The Effect of Revolutions on the Cause of Unification in Italy

The Effect of Revolutions on the Cause of Unification in Italy
There are many factors that may explain why so little was achieved in Italy from 1848-9. In this essay I plan to examine how and why these factors contributed o failure. One point that should be made clear about Italian unification is that rather than one large organisation there were many separate movements, each with their own ideas and intentions concerning Italy. Between the revolutionary movements there was a lack of co-operation and division. Instead of working together to fight Austria on a united front they tried it alone. Liberalists wanted constitutions and Nationalists independence but Sicilians wanted complete separatism from Naples. It has been said that Charles Albert simply wanted to gain more control of the North. The leaders of these movements, for example, Mazzini and Charles Albert all had different ideas and ideals.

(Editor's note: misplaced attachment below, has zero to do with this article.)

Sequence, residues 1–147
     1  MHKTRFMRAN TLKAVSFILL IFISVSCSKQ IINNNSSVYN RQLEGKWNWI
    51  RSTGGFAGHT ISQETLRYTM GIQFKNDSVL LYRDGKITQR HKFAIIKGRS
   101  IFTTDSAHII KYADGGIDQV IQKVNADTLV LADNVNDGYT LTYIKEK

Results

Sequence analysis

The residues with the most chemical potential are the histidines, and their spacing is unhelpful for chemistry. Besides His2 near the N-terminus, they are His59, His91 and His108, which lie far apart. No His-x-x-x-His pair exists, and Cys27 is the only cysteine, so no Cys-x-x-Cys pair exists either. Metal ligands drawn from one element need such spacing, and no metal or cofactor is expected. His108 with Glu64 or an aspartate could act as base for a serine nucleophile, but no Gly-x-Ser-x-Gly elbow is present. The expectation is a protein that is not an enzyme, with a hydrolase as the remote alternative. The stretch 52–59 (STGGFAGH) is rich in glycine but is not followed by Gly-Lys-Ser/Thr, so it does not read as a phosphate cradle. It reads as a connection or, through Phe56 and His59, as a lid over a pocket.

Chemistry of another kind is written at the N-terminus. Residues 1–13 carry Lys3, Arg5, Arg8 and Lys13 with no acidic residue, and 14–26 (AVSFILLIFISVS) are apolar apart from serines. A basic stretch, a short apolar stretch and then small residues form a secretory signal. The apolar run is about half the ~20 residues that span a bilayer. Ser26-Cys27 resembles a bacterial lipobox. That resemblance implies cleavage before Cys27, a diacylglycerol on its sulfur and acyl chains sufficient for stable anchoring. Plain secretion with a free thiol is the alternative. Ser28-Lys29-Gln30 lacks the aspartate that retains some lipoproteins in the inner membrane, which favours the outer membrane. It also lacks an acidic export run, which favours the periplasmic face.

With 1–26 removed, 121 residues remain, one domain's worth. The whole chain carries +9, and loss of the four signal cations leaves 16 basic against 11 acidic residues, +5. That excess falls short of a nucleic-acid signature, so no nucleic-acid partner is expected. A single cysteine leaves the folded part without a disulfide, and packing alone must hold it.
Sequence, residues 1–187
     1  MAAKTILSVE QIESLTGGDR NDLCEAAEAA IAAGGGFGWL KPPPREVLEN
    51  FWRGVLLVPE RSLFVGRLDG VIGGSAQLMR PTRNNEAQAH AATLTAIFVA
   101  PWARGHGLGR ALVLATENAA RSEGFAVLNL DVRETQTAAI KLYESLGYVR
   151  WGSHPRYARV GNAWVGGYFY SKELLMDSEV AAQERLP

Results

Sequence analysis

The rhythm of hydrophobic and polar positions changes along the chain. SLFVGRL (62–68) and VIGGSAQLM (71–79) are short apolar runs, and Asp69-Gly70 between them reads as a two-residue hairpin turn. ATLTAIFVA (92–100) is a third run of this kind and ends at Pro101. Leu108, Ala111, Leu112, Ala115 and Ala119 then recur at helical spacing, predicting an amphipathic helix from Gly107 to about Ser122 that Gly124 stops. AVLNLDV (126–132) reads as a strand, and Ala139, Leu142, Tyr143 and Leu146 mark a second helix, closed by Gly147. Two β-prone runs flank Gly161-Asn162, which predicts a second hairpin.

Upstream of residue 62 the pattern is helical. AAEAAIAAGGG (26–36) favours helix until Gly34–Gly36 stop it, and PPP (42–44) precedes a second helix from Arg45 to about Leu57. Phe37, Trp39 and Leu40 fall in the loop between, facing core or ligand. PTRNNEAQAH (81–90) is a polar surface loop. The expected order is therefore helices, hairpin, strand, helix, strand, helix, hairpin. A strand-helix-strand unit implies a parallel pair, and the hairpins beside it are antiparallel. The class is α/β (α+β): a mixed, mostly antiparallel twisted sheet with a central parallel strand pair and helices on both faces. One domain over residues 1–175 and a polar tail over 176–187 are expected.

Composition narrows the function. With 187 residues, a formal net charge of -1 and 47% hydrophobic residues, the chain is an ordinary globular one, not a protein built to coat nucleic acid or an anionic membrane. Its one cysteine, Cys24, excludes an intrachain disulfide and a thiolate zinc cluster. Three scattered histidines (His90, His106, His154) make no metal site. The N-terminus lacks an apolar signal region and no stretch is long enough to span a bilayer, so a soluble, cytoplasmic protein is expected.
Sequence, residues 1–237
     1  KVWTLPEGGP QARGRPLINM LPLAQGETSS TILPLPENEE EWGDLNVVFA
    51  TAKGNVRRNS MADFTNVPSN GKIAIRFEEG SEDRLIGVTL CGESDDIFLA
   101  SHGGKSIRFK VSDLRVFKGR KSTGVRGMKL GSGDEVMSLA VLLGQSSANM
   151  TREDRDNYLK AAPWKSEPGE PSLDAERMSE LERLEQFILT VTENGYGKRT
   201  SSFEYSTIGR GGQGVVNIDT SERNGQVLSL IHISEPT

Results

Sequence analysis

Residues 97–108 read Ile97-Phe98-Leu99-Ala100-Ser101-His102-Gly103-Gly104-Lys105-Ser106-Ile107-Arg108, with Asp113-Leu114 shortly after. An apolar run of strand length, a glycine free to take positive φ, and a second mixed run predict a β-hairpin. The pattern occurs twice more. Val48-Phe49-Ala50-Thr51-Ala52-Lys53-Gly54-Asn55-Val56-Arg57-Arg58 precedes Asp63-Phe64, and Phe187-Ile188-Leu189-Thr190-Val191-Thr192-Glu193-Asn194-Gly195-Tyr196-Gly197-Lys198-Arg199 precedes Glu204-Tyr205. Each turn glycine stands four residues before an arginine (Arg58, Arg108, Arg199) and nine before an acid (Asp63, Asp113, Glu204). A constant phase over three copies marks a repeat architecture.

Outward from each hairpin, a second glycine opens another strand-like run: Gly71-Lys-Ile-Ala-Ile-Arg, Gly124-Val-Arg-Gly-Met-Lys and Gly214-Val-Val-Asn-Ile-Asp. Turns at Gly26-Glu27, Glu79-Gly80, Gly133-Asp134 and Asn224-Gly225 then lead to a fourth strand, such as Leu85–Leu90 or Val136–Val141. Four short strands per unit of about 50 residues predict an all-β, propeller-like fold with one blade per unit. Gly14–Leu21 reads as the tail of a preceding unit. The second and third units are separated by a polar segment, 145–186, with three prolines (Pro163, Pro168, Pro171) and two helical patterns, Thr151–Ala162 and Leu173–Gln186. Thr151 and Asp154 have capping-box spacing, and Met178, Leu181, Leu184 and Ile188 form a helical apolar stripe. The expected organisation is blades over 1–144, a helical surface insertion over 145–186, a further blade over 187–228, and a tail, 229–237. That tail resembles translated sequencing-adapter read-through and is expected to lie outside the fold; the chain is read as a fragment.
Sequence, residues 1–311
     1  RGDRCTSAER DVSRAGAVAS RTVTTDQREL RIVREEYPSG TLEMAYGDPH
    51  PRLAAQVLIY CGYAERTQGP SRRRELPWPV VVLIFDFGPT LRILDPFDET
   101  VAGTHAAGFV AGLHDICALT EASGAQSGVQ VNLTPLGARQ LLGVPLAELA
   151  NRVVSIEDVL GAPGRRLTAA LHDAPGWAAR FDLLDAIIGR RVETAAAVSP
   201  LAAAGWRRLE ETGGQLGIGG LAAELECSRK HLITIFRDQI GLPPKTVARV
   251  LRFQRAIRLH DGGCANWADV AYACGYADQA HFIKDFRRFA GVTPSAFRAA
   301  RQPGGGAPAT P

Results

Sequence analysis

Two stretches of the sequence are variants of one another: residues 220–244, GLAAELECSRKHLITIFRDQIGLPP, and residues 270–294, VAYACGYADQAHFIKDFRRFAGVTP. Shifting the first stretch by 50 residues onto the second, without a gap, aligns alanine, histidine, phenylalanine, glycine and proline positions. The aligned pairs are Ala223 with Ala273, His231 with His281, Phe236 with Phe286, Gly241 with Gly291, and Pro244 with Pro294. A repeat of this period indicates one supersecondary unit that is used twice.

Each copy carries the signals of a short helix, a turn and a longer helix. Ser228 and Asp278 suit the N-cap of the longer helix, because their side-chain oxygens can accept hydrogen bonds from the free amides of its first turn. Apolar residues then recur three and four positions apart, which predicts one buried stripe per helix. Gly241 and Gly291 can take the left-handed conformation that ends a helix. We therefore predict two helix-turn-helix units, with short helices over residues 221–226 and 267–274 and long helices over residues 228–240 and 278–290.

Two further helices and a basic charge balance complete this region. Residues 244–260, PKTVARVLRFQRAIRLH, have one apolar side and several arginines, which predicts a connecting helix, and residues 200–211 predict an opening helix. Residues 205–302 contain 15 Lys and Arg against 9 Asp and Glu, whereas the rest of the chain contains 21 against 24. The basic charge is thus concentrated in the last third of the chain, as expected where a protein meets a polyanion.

There was little agreement between leaders and this made it hard for them to co-operate with each other as in earlier revolutions. Obviously this is a significant reason for why so little was achieved because for people fighting for unification they were not very united their selves. The Austrian army was without a doubt more than a minor hindrance to the Italians, the majority of its troops were trained soldiers and it had years of experience when it came to revolts. The Italian organisations were ill equipped and not trained for battle. This is why guerrilla warfare was often resorted to. To make things worse a proportion of the Austrian army were Italian peasants who didn?t care about unification. They were only concerned with their well being and as they were never included in revolutionary plans it is easy to see why. The king of Piedmont, Charles Albert inability to lead is a reason in itself. When there was a need for an army big enough to fight Austria he hindered the growth of the army by refusing to accept Republican volunteers and everyone else were forced to swear an allegiance to Piedmont. He was indecisive and slow to make decisions and the ability to think fast is a necessary skill in military leaders. What Piedmont needed was a strong, confident leader to lead them against the Austrians. Pope Pius? IX reforms encouraged liberalists and many, such as Gioberti, came to believe that the Pope would be a perfect candidate for ruling a federation of existing states. He freed 2000 political prisoners and abolished censorship of the press allowing 100 revolutionary papers. The Pope even granted Rome a constitution. Obviously people interpreted this as liberal action and a move towards independence, they were wrong. In 1848 in a complete turnaround, the Pope changed his policies and condemned nationalists. He abolished all earlier reforms and declared it forbidden to have any connection with the new kingdom of Italy. When troops were desperately needed he refused to allow Papal troops to help fight the Austrians. However, this wasn?t nearly as big a blow as when Pius appealed to the French, a Catholic country, to fight revolutionaries in Rome. He was able to do this because although by that time he had been forced to escape Rome and had lost much of his former power, he still had spiritual power and this gave people a very hard decision. Did they ignore their spiritual leader, appointed by God? Or did they fight on and face excommunication? There were those who decided to fight on but many chose their religion over unification. Again this was a blow especially to the army opposing Austria and removed a huge amount of support. With the French now fighting for the Papal presidency what the revolutionaries really needed now was foreign help but Mazzini was stubborn and stood fast on his policy of no foreign help. He foolishly believed that they would be able to liberate themselves on their own. In my opinion this is where Mazzini failed. His policies and intentions were far to idealistic and romantic when what was needed was realism. By this time it was obvious that they would not do this alone, even with the majority of the Austrian army fighting back in Vienna. Another reason for outside help was the fact that Italy had hardly any industry. A country that wants to fight a war on its own needs industrial strength. Of course it also has to be in good economic shape, the harvest failures in 1848 meant that the people were starving and a cholera epidemic had spread through Italy. How can you fight a war without guns, ammunition and food? Mazzini was crazy not to appeal for help. With most of the Austrian army fighting back in Vienna several states were liberated for a period of time. The Republic of Rome was overthrown because the Pope appealed to the French army. Lombardy was left in the Austrian?s hands after Charles Albert failed in his attempt to invade. He was defeated at Navara after the French help he?d hoped failed to materialise. Once Charles Albert had been defeated the Austrian Navy was able to bombard Venetia with shells. Eventually Venetia surrendered and the only state which maintained their constitution was Piedmont. The reason for this was that the governments that were set up were poorly organised, as with the revolutionary movements themselves. They had no real ideas or plans for the future of their states and wasted time making social reforms instead of constructing foundations for a sturdy government. Once again they made the mistake of excluding the peasants and ordinary people in decisions. This is why there was such a lack of resistance when the Austrians returned to regain control. In Piedmont however, men were given the chance to gain experience in statecraft and parliament. This is perhaps why the Piedmont constitution remained. In conclusion, I feel that all the factors boil down to division, lack of co-operation and poor leadership. It seems ridiculous that people fighting for unification were so divided. The fact that some were not even willing to co-operate with people fighting for a common cause is reason enough for why so little was achieved. Having said this there were some positive outcomes. Because Piedmont had kept its constitution it now became a breeding ground for nationalist ideas, Mazzini and Garibaldi resided in Piedmont for a time. Charles Albert abdicated and was replaced by his son, Victor Emmanuel who was patriotic and had witnessed his father?s mistakes. Another lesson learnt was that unification could not be done without foreign help, the revolutions of 1848-9 clearly demonstrated this.